Free Access
Issue
A&A
Volume 610, February 2018
Article Number A9
Number of page(s) 16
Section Interstellar and circumstellar matter
DOI https://doi.org/10.1051/0004-6361/201629830
Published online 12 February 2018

© ESO, 2018

1. Introduction

Star formation starts with a diffuse interstellar cloud that gradually condenses into a dark molecular cloud. Dense cores may form inside the dark cloud and a fraction of them eventually collapse into new stellar systems. The piled-up material locally increases the visual extinction, then photodissociation rates drop exponentially, and molecules start to thrive (e.g.,

Tielens 2005). Dust grains in the dark clouds are generally cold (<15 K; Spitzer 1998; Hocuk et al. 2017) if the clouds are devoid of active star formation. As soon as the visual extinction reaches AV = 23 mag, water molecules copiously form on the grain surfaces via successive hydrogenation of atomic oxygen (e.g., Aikawa et al. 2003; Hollenbach et al. 2009). Other molecules in the gas phase, in particular CO, stick onto dust surfaces, producing mixed and layered ice mantles on the grains (Chiar et al. 1995). These mantles are the hideouts of the missing molecules in the gas (e.g., Caselli et al. 1999), incubators of complex organic molecules (e.g., Vasyunin & Herbst 2013; Vasyunin et al. 2017), and adhesives that facilitate grain growth up to the size of planetesimals (e.g., Gundlach & Blum 2015).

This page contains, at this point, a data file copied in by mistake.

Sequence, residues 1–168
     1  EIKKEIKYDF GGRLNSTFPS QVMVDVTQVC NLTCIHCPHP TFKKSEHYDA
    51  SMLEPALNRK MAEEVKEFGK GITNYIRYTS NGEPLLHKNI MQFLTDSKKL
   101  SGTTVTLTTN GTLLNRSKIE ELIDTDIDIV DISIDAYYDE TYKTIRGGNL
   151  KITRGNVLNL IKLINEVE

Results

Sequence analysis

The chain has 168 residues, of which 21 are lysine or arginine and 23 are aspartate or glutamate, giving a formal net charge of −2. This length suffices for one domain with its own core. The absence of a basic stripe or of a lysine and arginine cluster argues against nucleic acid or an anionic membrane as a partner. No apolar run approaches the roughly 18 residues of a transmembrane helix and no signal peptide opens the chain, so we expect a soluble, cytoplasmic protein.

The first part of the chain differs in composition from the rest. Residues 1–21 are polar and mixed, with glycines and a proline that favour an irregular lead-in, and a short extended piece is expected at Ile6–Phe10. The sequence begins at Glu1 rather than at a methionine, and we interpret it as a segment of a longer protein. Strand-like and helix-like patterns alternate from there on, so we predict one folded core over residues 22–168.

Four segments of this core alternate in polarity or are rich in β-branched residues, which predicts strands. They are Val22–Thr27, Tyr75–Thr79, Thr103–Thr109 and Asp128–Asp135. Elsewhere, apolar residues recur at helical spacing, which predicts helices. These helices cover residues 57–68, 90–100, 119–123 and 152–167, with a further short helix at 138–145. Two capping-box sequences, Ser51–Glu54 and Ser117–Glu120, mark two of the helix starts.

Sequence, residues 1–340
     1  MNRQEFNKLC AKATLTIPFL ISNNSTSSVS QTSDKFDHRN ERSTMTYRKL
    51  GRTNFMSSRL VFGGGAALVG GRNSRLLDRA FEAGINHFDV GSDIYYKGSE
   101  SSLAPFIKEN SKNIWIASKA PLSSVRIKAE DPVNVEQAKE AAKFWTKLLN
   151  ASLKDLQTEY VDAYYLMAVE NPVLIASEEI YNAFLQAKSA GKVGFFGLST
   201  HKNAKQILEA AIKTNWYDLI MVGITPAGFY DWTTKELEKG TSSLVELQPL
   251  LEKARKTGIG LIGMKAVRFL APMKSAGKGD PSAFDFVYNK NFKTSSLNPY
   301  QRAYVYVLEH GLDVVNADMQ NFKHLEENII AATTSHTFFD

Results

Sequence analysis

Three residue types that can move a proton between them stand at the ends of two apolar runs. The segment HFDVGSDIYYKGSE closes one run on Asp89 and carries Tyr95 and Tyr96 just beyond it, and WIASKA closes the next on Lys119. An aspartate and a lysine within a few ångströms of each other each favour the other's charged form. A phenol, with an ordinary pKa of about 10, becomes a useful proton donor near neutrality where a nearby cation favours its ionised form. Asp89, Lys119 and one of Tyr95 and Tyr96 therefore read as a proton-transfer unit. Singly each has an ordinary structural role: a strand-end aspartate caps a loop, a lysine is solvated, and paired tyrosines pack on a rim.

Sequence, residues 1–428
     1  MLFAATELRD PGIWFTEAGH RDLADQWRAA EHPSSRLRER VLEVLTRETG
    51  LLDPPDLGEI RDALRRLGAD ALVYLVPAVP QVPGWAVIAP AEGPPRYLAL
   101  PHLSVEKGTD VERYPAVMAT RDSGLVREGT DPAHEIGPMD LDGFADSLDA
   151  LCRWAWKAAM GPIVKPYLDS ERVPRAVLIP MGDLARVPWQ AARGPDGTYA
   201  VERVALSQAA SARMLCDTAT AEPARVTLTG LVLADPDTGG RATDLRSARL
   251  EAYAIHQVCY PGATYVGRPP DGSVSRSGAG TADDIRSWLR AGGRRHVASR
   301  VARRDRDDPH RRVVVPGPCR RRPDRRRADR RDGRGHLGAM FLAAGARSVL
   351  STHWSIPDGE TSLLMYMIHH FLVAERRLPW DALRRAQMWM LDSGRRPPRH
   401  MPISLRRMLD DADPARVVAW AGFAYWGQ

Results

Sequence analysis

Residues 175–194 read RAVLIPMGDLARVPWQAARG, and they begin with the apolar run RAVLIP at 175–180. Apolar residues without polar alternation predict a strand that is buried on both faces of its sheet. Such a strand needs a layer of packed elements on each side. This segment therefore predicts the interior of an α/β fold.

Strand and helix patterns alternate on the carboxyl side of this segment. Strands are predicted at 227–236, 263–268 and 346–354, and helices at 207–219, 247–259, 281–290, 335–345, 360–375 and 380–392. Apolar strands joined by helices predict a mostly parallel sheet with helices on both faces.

The Spitzer Space Telescope brought a leap forward in the study of the ices in the interstellar medium (see review in Boogert et al. 2015). The superb sensitivity of the spectrograph enabled observations of faint field stars behind star-forming regions as background continuum sources (e.g., Knez et al. 2005; Chiar et al. 2011; Boogert et al. 2013). The wide wavelength coverage facilitated the comparative study of the molecules in the ice. With timely advances in laboratory experiments (e.g., Ioppolo et al. 2008; Oba et al. 2010; Noble et al. 2011) and numerical simulations (e.g., Aikawa et al. 2003; Taquet et al. 2012; Cuppen et al. 2013; Sipilä et al. 2013; Hocuk et al. 2016), our understanding of the formation of ices has been substantially refined. A picture that gradually emerged is the formation of the ice mantle taking place in two sequential but distinct stages (e.g., Öberg et al. 2011; Boogert et al. 2015). The first stage is characterized by a rapid formation of water ice along with CO2, which may form either by the surface reaction of CO and OH (Ruffle & Herbst 2001) or by cosmic-ray bombardment of water ice on top of carbonaceous material (Mennella et al. 2004). The second stage is the accumulation of CO ice. The catastrophic freeze-out of CO is often observed toward dense cores at the volume density above a few ×104 cm-3 (Caselli et al. 1999; Tafalla et al. 2002, 2006).